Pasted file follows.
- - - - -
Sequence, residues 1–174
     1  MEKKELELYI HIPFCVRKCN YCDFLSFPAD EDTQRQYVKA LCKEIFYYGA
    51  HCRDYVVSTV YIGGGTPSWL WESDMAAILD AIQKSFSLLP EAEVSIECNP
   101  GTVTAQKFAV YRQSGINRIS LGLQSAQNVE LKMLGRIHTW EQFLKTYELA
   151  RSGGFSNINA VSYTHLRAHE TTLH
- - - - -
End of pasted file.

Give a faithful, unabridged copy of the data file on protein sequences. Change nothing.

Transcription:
Sequence, residues 1–174
     1  MEKKELELYI HIPFCVRKCN YCDFLSFPAD EDTQRQYVKA LCKEIFYYGA
    51  HCRDYVVSTV YIGGGTPSWL WESDMAAILD AIQKSFSLLP EAEVSIECNP
   101  GTVTAQKFAV YRQSGINRIS LGLQSAQNVE LKMLGRIHTW EQFLKTYELA
   151  RSGGFSNINA VSYTHLRAHE TTLH